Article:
Sass di Roccia, Laste

This is an absolutely world class crag, spread over several large freestanding towers. The rock is solid Marmolada Limestone – extremely compact but highly featured calcareous limestone. It is well served by a printed guide book detailed below. It is also home to a short via ferrata to a bivouac hut ontop of the main rock.

Number of Routes

200+

Difficulty Range

4a-4c – 2
5a-6a+ – 17
6b-7a – 50
7a+-8b+ – 121

Aspects

North, West, East, South

Rock Type

Calcareous Limestone, generally extremely solid

Protection type

Mostly good quality bolts with some older poor bolts.

Guidebooks and online guides

Falesie e aree boulder dell’Agodino Dolomiti
La Rivolta
ISBN 978-88-907546-3-0
www.larivolta.it/

UKClimbing Logbooks

Approach

There are two places you can park, either in or around Davare, or ar Ronch. Both approaches are very short, 5min by foot. Start by driving to Digonera on the SP563, then just south of Digonera, turn off onto a road to Laste ignoring the turnoff to Laste di Sotto. Once you reach the main village, either turn left to Ronch or continue through the village towards Davare. The parking at Ronch is more limited so on a busy weekend, it’s best to go to Davare.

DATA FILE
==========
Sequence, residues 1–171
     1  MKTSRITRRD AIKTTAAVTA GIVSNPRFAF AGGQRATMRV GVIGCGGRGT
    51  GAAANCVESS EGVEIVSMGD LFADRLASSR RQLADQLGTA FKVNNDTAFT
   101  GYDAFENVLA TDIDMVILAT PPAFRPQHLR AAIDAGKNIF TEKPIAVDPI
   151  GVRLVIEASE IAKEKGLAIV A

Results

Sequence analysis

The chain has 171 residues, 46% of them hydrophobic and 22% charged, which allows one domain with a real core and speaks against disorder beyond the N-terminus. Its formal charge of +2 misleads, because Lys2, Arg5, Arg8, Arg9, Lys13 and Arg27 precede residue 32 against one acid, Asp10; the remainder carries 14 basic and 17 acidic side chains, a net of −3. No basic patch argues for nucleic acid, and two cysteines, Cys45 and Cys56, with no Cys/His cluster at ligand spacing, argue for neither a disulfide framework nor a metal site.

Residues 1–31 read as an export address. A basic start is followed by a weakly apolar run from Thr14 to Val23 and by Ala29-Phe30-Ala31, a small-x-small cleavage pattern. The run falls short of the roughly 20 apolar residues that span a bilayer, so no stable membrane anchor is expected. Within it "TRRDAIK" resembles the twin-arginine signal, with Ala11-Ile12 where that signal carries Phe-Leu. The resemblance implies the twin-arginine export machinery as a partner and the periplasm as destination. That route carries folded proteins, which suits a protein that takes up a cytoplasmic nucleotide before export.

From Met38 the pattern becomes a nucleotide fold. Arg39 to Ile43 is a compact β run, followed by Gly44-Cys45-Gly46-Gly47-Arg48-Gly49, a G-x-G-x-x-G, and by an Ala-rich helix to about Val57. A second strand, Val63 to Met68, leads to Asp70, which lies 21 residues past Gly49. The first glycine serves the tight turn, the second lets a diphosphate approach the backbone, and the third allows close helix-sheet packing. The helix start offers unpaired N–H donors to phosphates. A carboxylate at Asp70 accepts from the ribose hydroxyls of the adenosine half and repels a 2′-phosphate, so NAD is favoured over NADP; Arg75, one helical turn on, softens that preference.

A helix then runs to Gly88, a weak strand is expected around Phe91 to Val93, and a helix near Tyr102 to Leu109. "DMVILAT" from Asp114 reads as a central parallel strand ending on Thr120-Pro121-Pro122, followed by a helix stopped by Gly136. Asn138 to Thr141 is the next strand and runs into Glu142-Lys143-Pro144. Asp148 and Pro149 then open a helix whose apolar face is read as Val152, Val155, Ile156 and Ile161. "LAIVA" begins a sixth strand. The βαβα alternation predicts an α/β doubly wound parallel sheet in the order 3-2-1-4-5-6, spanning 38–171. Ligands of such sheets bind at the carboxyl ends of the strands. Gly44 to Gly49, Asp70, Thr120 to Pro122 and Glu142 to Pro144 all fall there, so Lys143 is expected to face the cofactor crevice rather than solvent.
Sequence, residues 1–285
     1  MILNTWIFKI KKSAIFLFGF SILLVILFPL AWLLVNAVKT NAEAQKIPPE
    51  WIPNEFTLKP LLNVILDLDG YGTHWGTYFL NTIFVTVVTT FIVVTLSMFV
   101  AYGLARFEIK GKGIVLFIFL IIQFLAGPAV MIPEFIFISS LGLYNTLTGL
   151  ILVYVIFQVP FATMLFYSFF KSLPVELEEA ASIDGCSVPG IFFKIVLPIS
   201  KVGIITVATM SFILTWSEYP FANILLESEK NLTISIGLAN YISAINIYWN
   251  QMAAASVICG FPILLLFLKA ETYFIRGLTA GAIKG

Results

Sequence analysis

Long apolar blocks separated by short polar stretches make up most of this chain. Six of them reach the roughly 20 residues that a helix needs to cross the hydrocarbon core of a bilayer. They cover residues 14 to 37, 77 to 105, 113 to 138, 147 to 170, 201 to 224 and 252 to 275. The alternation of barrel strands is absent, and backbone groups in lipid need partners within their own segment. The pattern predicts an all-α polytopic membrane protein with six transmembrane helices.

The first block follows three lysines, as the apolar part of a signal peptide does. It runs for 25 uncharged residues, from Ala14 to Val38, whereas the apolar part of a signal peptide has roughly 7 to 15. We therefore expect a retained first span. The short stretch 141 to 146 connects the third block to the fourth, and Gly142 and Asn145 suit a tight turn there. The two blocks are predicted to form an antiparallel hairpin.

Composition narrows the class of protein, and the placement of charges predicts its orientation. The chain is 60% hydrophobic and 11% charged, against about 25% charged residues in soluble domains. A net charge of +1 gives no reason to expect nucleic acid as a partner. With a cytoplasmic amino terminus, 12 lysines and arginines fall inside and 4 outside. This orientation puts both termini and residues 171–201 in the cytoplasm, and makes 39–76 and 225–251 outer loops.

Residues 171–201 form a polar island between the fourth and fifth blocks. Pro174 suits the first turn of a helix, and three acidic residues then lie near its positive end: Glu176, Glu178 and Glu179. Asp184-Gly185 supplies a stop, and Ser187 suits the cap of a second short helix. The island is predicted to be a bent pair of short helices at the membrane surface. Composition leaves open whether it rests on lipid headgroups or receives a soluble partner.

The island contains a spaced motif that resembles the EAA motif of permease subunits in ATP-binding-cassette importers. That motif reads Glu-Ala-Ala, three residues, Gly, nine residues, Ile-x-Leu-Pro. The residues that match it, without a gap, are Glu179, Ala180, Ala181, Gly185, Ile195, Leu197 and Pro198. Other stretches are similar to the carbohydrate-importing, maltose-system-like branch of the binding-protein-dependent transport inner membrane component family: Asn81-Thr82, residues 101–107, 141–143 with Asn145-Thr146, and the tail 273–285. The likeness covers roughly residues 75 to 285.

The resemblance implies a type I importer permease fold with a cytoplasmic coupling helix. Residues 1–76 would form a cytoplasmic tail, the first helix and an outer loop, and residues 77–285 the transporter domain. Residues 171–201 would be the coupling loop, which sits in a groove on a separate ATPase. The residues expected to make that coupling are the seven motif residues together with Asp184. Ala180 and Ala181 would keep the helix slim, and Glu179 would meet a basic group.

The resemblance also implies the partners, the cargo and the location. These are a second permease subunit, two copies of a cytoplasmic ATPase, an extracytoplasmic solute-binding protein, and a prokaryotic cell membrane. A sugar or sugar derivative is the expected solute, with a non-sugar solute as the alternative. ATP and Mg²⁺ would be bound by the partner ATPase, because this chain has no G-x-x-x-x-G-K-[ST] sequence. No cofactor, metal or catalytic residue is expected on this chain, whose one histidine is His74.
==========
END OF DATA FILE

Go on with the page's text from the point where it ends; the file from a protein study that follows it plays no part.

From Ronch take a small path northwards to reach the main crag. It climbs a wooded hillside steeply behind some old houses and barns to reach the crag within 5 minutes.

From Davare, continue up the wide motorable track until you see a footpath sign to Ronch. This easy path contours across the hill through woods to reach the other side of the crag within 5 minutes.

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Ice climbing in the Serrai di Sottoguda